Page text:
-- Steve Schear <[EMAIL PROTECTED]> > Yes, but unfortunately it is not clear at all that > courts would find the opposite, either. If a lawsuit > names the currency issuer as a defendant, which it > almost certainly would, a judge might order the > issuer's finances frozen or impose other measures > which would impair its business survival while trying > to sort out who is at fault. It would take someone > with real cojones to go forward with a business > venture of this type in such uncharted waters.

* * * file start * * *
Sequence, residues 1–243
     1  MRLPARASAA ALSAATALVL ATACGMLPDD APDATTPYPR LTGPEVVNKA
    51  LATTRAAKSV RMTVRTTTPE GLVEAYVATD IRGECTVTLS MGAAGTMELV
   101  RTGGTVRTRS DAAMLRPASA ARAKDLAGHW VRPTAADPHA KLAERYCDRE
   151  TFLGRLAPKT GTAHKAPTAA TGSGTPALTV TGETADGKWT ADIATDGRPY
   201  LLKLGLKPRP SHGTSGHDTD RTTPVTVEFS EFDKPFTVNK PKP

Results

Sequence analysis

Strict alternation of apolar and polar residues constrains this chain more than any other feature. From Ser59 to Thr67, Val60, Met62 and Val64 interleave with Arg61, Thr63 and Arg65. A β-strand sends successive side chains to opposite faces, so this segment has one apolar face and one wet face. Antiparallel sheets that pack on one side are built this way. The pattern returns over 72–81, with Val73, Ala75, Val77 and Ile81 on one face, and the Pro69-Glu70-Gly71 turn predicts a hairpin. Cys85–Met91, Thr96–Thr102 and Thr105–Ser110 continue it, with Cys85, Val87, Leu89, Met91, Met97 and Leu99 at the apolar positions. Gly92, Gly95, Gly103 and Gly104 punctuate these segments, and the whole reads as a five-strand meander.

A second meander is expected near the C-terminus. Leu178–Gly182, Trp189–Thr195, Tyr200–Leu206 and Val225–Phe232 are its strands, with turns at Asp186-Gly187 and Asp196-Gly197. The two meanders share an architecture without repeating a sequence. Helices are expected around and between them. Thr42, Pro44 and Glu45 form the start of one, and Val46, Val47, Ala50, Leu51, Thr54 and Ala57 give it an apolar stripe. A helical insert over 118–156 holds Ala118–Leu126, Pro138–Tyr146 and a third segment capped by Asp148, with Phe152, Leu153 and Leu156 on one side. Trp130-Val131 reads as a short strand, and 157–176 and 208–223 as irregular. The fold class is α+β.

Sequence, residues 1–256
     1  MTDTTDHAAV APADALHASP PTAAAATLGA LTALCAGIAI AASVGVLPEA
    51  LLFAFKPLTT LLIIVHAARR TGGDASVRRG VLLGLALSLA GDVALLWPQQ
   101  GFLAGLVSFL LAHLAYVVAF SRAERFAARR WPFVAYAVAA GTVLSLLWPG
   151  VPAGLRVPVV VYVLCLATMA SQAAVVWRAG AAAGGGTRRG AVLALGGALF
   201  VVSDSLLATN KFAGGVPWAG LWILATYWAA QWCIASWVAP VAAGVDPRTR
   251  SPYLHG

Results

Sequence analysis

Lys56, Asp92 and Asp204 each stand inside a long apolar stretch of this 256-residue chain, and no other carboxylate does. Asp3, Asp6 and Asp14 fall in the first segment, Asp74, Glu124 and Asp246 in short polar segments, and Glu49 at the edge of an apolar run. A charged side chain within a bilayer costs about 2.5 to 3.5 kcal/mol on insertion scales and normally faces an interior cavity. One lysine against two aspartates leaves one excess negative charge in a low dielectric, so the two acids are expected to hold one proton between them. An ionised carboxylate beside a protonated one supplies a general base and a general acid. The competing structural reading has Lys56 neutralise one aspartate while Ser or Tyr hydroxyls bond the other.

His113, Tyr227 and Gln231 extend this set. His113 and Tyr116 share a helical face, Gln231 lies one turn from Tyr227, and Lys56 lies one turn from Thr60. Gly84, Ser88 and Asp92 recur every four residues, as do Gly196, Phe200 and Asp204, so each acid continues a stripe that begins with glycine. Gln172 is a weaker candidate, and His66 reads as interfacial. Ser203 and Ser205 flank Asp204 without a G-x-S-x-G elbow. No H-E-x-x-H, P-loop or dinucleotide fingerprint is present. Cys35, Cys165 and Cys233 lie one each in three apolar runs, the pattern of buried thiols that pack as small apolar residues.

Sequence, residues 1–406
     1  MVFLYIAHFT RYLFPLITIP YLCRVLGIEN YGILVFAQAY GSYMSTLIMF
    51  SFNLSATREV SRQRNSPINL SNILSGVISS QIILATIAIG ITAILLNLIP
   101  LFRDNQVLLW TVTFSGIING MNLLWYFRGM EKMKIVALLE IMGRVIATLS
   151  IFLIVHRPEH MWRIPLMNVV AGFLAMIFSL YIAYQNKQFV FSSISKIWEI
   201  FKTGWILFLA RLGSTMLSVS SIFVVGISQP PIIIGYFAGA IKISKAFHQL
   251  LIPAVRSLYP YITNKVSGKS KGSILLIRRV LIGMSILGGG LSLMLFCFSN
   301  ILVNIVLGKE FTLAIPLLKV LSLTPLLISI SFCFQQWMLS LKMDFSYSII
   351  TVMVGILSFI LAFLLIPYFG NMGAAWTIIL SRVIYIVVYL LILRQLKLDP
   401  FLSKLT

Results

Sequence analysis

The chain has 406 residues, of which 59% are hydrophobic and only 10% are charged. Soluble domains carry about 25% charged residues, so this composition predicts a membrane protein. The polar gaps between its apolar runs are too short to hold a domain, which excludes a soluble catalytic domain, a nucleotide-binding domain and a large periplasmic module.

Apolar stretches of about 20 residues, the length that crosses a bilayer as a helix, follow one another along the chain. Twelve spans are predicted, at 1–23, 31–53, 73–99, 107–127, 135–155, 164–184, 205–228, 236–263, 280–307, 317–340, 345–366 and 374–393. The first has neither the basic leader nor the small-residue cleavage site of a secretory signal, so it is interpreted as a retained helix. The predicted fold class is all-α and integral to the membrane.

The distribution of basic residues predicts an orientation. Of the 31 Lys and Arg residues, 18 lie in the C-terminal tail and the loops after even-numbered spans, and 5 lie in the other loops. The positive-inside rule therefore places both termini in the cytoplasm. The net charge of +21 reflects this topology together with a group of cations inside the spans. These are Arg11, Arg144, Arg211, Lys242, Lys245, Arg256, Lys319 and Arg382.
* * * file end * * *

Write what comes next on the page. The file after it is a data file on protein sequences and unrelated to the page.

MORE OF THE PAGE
Anyone can sue for anything. Paypal is entirely located in the US, making it easy to sue, has done numerous bad things, but no court orders have been issued to put it out of business. If a business's main assets are gold located in offshore banks, courts are apt to be quite reluctant to attempt to shut it down, as issuing ineffectual or difficult to enforce orders makes a judge look stupid. People fuss too much about what courts might do. Courts are as apt, perhaps more apt, to issue outrageous orders if you are as innocent. as the dawn. Courts are like terrorists in that there is no point in worrying what might offend the terrorists, because they are just as likely to target you no matter what you do. Government regulators are a bigger problem, since they are apt to forbid any business model they do not understand, but they tend to be more predictable than courts. --digsig James A. Donald 6YeGpsZR+nOTh/cGwvITnSR3TdzclVpR0+pr3YYQdkG CY46prGSdN80nLrJL5G79zdH2Uu2lRjQHD9mlSsf 4JTEpYw1dnco9AMX6Fvv3Uce0bPsG1TJYg+qpwG5n